FM rejects claims of more foreign companies leaving country than entering
Nirmala Sitharaman said many foreign companies have invested in India through local subsidiaries and FDI has increased by USD 9,000 million since 2018-19
Union finance and corporate affairs minister Nirmala Sitharaman on Monday said that foreign direct investment (FDI) in India has increased by USD 9,000 million since 2018-19 and added that it indicated the “confidence of the foreign investors in the business atmosphere of the country.”
The minister was responding to a question in Parliament on the FDI India.
Bharat Rashtra Samiti (BRS) member of Parliament (MP) G. Ranjith Reddy and Dravida Munnetra Kazhagam (DMK) MP Kanizmozhi Karunanidhi asked for the “reaction of Government on the number of foreign businesses leaving the country surpassing the new entrants since 2018”.
They cited figures that stated that between 2018 and March of 2023, 559 foreign companies had ceased their operations in India, while 469 began the operartions. The minister was asked “whether it means that country is not providing the business atmosphere in spite of investors reluctant to go to China, particularly after pandemic” and what remedial measures were being taken by the government in this regard.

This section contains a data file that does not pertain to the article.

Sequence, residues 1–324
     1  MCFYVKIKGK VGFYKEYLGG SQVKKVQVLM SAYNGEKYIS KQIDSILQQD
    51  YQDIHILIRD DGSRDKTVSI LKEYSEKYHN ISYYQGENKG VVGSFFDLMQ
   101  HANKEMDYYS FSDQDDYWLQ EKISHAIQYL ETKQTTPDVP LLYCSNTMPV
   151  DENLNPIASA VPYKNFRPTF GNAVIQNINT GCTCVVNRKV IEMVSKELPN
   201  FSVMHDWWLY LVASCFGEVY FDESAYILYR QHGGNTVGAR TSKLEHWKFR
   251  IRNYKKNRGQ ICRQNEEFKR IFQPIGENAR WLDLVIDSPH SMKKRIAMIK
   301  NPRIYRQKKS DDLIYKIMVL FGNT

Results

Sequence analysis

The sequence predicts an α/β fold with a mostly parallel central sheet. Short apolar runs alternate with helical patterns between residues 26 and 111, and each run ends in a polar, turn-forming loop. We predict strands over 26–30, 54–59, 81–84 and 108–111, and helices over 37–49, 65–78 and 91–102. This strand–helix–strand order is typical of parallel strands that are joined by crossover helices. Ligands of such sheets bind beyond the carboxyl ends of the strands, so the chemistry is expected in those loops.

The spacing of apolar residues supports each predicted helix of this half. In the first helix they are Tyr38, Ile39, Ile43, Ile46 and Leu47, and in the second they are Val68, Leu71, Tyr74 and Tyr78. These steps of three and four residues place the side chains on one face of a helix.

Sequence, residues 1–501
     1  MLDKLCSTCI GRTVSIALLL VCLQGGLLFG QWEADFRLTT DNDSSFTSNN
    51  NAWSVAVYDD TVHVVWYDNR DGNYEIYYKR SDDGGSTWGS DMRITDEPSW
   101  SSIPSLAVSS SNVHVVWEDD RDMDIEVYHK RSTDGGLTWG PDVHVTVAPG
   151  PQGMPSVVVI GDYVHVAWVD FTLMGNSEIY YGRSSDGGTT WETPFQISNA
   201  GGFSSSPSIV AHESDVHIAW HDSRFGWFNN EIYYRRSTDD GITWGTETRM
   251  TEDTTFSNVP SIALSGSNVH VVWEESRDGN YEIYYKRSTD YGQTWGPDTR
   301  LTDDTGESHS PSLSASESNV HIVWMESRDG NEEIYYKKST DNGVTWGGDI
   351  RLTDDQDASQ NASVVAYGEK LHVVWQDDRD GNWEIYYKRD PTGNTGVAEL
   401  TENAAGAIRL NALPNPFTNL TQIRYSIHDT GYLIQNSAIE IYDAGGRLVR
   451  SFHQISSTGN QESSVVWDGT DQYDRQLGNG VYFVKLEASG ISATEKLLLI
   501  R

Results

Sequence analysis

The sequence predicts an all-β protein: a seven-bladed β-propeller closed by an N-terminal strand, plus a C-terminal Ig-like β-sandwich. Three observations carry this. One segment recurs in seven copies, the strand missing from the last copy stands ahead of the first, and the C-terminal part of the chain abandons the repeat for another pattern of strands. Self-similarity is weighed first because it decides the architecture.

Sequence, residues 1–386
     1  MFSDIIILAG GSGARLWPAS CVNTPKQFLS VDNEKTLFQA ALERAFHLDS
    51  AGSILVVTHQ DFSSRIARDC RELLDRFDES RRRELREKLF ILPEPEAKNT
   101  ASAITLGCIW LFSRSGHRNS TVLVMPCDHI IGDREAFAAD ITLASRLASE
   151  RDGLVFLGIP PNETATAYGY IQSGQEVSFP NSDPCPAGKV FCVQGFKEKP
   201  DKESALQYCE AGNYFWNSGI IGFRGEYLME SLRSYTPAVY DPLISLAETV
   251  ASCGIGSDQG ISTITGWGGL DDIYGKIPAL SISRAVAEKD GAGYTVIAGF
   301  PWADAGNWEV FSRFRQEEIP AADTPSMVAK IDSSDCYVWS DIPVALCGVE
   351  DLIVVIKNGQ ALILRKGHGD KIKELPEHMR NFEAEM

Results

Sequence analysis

Sitharaman said that this data only pertained to companies that had opened up places of business in India and added that many foreign companies instead invested in India through local subsidiaries.
“During the period FY 2018-19 to FY 2022-23 (up to November), 7,946 foreign companies have registered their Indian subsidiary company. It is also observed from the data available on the website of DPIIT (Department for Promotion of Industry and Internal Trade) that overall foreign direct investment in India has increased from USD 62,001 million in FY 2018-19 to USD 71,355 million (Provisional figure) in FY 2022-23,” she said.
Sitharaman also said that opening or closing places of business in India or starting work with Indian subsidiaries was a “commercial business decision”, which depended on various factors such as operational viability, market size and internal decisions on whether or not to work in particular geographical areas.